for teaching engĺish at school how nano technology help us
Anassong
How can I make nanorobot?
Lily
Do somebody tell me a best nano engineering book for beginners?
s. Reply
there is no specific books for beginners but there is book called principle of nanotechnology
NANO
how can I make nanorobot?
Lily
what is fullerene does it is used to make bukky balls
Devang Reply
are you nano engineer ?
s.
fullerene is a bucky ball aka Carbon 60 molecule. It was name by the architect Fuller. He design the geodesic dome. it resembles a soccer ball.
Tarell
what is the actual application of fullerenes nowadays?
Damian
That is a great question Damian. best way to answer that question is to Google it. there are hundreds of applications for buck minister fullerenes, from medical to aerospace. you can also find plenty of research papers that will give you great detail on the potential applications of fullerenes.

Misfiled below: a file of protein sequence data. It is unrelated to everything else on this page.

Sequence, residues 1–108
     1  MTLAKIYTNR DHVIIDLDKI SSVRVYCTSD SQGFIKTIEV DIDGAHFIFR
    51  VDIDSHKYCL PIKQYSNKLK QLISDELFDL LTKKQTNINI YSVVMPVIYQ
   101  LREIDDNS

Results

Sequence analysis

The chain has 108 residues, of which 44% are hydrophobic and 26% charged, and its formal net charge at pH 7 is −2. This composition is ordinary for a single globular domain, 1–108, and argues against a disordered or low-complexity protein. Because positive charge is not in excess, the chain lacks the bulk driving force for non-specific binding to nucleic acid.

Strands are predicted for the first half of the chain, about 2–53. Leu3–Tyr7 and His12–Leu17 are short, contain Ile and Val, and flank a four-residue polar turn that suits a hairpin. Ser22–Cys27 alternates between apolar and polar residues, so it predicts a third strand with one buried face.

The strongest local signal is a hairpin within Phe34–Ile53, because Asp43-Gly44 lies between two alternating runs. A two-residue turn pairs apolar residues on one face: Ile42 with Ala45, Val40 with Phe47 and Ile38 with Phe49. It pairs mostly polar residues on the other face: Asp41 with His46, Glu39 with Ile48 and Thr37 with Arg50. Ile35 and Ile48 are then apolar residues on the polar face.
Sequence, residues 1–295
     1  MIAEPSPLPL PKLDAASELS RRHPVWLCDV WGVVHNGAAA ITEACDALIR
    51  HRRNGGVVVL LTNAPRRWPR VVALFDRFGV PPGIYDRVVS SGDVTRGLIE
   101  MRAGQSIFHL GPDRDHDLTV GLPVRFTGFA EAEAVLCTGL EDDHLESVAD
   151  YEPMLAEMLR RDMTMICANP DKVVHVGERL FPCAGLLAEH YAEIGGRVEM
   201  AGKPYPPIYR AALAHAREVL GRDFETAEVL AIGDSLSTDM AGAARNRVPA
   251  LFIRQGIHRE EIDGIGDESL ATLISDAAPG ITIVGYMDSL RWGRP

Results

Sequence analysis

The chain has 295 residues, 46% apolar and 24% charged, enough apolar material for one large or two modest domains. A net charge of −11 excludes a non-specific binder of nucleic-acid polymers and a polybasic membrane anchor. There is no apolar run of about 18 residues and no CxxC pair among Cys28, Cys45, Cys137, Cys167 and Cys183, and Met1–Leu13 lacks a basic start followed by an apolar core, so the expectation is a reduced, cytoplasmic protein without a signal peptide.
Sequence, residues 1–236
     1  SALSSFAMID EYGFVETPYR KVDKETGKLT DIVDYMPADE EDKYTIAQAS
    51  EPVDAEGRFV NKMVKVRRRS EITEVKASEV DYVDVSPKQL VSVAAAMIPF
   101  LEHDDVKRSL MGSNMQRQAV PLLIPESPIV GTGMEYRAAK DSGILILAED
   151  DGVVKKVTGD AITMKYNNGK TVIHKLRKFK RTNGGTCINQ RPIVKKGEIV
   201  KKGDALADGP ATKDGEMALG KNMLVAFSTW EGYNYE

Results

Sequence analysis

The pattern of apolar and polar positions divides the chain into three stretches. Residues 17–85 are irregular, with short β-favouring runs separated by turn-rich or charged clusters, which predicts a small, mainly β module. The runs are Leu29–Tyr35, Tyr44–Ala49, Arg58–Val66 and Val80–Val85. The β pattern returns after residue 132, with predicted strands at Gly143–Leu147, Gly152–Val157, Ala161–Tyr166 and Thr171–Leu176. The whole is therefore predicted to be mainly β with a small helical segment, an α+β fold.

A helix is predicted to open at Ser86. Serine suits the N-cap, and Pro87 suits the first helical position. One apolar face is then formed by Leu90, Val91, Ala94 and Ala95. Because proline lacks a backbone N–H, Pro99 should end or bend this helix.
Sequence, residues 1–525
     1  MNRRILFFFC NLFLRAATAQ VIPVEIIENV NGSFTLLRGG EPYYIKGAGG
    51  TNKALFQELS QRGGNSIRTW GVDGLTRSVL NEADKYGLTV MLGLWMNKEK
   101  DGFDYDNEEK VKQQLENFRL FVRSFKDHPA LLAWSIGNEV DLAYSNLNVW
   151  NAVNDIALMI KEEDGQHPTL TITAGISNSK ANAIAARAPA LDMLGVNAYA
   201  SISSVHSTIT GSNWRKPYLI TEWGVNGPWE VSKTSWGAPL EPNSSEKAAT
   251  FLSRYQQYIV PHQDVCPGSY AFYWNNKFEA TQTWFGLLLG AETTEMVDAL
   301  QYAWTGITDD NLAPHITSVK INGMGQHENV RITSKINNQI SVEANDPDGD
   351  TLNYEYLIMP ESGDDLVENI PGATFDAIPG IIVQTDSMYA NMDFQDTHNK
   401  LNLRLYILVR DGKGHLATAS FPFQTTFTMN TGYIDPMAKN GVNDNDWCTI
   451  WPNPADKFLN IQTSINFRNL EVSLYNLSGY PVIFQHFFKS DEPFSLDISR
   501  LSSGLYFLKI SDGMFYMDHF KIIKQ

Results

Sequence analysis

Tarell
what is the Synthesis, properties,and applications of carbon nano chemistry
Abhijith Reply
Mostly, they use nano carbon for electronics and for materials to be strengthened.
Virgil
is Bucky paper clear?
CYNTHIA
carbon nanotubes has various application in fuel cells membrane, current research on cancer drug,and in electronics MEMS and NEMS etc
NANO
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Source:  OpenStax, Educational psychology. OpenStax CNX. May 11, 2011 Download for free at http://cnx.org/content/col11302/1.2